I’ve mentioned JDRF a few times before in my blog. JDRF are a global charity that aim to find a cure for type 1 diabetes, and to support people living with the condition.

When I was diagnosed, I almost immediately applied to JDRF to run the marathon for them. (I’ll be asking the readers of this blog for sponsorship at some stage!) I wasn’t sure whether they’d have room for me, so sent them a link to my blog. They liked it, and asked me to write a short piece for their website, which has a “your stories” section about people living with diabetes. Click here if you’d like to read my story.

From a selfish point of view, I am actually more thankful for the support I’ve received from the JDRF than about their funding for research. Although both these things have already made a difference to me.

When I was first diagnosed, Dr Powrie gave me a pack from JDRF which contained loads of information – particularly a book written by JDRF which contained all the information I needed to understand the condition. It was a great support and the JDRF, Diabetes UK and Runsweet (written for athletes with type 1) websites are an invaluable source of information for me.

Other people with diabetes, parents of diabetic children, tax payers who fund our treatment, and of course myself, would all love for there to be a cure. And JDRF sponsors many strands of research (their tag-line is “treat, prevent, cure”), from better treatment of diabetes to artificial pancreas implants. I’m currently participating in a phase one trial funded by JDRF which may help stop the destruction of beta cells. (If I’m very lucky my immune system will slow down its attack as a result of the trial, and in any case I see a research nurse and doctor every fortnight which helps my understanding and management of type 1 enormously.) This would be amazing for diabetics. If someone could wave a wand and stop my immune system from destroying my insulin producing beta cells, I would be incredibly happy. I would still have to manage my diabetes with insulin, but I’m finding that living in the “honey moon phase”, where my body still produces some insulin, really isn’t that bad.

To prove this, here’s another fan chart of my blood glucose. A normal person will have blood sugar of between 4 and 7. The chart below shows that almost 95% of my blood sugar readings (at meal times, waking up, and bed time) are between 4 and 8. That is pretty good, and I hope (but don’t know) that my doctors will give me a pat on the back and tell me I don’t need to worry unduly about complications.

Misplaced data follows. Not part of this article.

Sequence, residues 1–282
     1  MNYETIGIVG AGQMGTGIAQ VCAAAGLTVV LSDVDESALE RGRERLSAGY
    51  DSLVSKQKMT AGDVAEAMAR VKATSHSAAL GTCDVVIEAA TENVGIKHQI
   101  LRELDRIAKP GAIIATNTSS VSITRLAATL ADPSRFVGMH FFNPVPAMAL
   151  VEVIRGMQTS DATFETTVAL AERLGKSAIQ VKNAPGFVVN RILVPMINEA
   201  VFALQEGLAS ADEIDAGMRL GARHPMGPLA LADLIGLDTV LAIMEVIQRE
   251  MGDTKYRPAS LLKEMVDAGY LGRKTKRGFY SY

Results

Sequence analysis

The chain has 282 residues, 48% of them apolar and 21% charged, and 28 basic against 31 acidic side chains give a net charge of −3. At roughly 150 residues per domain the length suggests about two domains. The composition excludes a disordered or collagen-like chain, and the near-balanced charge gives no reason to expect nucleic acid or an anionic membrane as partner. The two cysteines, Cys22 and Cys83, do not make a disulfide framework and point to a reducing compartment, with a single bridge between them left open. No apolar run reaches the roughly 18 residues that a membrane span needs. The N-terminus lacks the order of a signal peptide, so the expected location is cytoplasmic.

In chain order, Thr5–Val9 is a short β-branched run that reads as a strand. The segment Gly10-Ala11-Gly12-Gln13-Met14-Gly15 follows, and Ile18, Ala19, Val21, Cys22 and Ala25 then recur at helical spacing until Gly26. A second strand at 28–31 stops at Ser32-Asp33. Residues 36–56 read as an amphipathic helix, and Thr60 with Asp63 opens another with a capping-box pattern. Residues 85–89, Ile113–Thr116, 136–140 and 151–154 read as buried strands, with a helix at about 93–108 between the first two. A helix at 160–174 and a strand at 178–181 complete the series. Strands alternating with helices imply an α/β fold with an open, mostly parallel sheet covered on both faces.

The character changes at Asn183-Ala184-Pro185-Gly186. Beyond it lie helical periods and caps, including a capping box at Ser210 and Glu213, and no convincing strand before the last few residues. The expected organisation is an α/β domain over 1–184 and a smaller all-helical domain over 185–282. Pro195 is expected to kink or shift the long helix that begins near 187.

My average blood sugar level is where the two darker blue bars meet. It's currently just under 6 which is pretty good! 50% of my readings are between the two darker bars. 95% of my readings are between the lighter blue bars. If only I could stay in the honey moon phase forever...

My average blood sugar level is where the two darker blue bars meet. It’s currently just under 6 which is pretty good! 50% of my readings are between the two darker bars. 95% of my readings are between the lighter blue bars. If only I could stay in the honey moon phase forever…

2 comments

  1. When your adult child is diagonised with Type 1 diabetes the first thing you do is worry. I found reading the book supplied by JDRF was incredibly useful in helping me to understand the condition and in alleviating most of my concerns. Worrying about the unknown is so much worse than dealing with the illness. Of course Alex’s incredibly positive attitude has made acceptance easier, however I would highly recommend newly diagonised diabetics to give family and friends the JDRF book to read.

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